And, war was in the air. We listened to Hitler’s speeches on the radio and the radio nearly jumped off the shelf because he was so loud, and the Heil Hitlers and everything, and the barrage balloons floated over Bellahouston Park and they were practising with, what do you call them, lights?

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INT: The anti-aircraft lights?

HM: Yes and they intercepted aircraft so we knew war was on its way but we just didn’t really believe it, not quite. My mother just couldn’t make up her mind but finally she decided we would go home.

But my mother had an idea, at least she had two ideas, which she chased; she chased both ideas, quite different ideas but she chased them both (my mother was very energetic). One was to get to Vilna which was in a neutral country then. Lithuania was still a neutral country and was not absorbed either by Germany or by Russia. From Lithuania you could apply for a visa to Britain or to America. Lots of people went and my mother said to we will be in Vilna, wire Auntie Hannah and she will promptly send us visas and off we’ll go to Britain.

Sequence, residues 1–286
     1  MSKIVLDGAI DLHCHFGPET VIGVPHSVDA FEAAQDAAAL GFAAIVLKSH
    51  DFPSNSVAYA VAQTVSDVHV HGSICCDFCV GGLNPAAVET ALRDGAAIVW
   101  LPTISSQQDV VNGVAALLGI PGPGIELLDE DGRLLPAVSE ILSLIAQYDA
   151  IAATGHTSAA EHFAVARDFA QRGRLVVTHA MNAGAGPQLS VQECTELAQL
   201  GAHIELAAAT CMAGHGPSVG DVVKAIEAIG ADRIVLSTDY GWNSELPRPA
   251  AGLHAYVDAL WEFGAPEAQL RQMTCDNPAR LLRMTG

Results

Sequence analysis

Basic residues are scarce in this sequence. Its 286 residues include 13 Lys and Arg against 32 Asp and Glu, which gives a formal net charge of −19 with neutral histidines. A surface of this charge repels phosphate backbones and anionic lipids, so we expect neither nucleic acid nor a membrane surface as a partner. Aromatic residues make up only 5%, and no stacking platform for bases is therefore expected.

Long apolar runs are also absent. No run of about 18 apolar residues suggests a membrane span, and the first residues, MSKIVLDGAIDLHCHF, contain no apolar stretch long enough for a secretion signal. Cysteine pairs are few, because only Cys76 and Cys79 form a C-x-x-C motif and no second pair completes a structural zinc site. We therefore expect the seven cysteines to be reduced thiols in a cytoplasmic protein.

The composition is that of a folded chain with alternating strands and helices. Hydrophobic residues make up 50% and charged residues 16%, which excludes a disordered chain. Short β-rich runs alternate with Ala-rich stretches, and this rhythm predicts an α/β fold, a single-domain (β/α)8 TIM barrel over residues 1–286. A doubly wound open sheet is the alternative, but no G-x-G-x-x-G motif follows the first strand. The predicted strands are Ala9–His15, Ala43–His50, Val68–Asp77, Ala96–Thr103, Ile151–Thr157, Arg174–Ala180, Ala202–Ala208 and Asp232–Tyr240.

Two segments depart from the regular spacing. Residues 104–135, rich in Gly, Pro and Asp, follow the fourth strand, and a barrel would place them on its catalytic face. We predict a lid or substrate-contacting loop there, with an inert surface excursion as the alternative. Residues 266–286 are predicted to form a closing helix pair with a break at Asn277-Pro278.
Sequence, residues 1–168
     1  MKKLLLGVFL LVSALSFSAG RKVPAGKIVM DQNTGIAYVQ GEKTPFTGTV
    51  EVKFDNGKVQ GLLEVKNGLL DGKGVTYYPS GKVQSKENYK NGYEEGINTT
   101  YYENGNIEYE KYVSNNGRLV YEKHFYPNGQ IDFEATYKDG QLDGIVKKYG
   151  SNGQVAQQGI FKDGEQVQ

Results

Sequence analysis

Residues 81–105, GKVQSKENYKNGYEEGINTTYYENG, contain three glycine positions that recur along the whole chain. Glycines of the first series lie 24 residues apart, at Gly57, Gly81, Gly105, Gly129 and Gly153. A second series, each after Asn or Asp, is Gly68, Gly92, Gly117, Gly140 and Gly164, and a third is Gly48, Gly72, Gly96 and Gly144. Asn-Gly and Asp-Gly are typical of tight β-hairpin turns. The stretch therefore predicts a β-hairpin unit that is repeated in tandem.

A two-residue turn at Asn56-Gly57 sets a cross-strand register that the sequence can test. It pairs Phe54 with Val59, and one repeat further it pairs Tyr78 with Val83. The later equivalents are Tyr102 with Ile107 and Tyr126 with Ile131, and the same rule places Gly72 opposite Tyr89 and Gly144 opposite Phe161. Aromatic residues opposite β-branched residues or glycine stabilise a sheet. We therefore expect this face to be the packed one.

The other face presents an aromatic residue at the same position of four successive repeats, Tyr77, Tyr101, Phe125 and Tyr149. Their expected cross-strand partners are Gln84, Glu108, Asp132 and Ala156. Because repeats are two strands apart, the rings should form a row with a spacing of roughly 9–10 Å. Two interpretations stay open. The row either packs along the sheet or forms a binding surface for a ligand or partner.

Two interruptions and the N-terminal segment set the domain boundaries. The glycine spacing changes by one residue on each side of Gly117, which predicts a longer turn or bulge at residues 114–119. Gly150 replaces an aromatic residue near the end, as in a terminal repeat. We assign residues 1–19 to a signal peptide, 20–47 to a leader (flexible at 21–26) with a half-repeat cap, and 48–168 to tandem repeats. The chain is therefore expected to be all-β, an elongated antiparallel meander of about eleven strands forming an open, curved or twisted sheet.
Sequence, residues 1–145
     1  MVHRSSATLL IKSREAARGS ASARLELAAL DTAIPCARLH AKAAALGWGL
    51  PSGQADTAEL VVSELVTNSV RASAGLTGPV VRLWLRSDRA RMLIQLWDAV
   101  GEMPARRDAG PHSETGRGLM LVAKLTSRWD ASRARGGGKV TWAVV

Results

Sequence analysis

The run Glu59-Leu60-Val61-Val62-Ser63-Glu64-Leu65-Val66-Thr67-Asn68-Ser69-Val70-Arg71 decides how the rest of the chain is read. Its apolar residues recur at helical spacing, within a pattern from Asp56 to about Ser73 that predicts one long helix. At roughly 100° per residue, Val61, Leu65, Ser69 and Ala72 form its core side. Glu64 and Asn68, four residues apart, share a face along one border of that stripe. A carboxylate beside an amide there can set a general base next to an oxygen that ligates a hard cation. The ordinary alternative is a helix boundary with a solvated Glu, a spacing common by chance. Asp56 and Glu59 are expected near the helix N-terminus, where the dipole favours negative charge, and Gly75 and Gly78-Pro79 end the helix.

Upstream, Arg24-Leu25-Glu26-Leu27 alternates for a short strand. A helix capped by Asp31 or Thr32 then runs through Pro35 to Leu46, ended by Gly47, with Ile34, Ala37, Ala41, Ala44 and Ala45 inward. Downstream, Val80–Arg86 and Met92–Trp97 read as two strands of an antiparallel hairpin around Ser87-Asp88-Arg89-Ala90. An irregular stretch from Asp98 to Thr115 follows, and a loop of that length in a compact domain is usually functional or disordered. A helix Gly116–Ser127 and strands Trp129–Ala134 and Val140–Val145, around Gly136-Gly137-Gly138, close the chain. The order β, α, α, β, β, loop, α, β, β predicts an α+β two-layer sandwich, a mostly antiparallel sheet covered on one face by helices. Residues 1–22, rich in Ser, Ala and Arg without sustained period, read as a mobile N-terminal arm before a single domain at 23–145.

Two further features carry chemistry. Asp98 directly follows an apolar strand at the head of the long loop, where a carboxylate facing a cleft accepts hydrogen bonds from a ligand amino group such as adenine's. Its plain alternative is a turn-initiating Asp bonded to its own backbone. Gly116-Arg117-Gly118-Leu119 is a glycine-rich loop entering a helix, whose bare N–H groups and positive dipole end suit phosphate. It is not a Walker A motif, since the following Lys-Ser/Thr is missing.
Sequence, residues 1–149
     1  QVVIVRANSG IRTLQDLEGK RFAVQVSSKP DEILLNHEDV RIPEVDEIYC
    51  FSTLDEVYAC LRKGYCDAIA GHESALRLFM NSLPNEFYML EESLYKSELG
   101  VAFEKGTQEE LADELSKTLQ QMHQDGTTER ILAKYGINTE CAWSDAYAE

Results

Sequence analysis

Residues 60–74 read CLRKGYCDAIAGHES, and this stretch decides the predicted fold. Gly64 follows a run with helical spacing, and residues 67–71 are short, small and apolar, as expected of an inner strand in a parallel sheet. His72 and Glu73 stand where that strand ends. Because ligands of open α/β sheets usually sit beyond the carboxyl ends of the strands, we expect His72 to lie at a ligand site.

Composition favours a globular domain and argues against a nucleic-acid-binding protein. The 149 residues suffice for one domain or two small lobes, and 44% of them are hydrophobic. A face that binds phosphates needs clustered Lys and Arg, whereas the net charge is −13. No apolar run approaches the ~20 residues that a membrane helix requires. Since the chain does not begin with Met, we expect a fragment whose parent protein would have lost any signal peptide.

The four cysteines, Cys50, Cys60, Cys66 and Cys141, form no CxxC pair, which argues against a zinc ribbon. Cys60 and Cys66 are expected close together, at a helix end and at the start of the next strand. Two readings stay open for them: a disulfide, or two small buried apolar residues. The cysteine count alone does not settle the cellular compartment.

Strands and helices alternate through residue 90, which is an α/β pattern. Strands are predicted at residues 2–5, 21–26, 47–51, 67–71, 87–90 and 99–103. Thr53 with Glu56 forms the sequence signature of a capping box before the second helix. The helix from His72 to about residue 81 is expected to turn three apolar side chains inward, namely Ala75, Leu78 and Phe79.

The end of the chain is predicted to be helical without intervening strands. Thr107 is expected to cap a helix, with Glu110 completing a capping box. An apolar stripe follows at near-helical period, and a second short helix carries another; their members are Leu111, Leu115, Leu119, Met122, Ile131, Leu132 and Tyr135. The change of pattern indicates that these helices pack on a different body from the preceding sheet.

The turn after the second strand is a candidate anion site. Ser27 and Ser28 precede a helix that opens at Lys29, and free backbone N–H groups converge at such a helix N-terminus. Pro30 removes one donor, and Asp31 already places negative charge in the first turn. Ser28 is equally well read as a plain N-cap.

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On the other hand, she had a sister in Moscow who had emigrated to Moscow in the 1920s. She wanted to get an education in Poland but she couldn’t because she was too poor. In Russia, just after the Communists won, after the Bolshevik Revolution, education was open to all and she was longing for an education so she went there. Actually, my mother’s brother went even earlier so she went to join her brother and that’s how she was in Russia. After a while she couldn’t come back to Poland. They wouldn’t let her out. So she kept up a correspondence with my mother and her own father but after a while, about 1938, the correspondence stopped. There was nothing. My mother wanted to see both her brother and her sister in Moscow so she started applying to the various institutions, the various offices in one of the Russian authorities.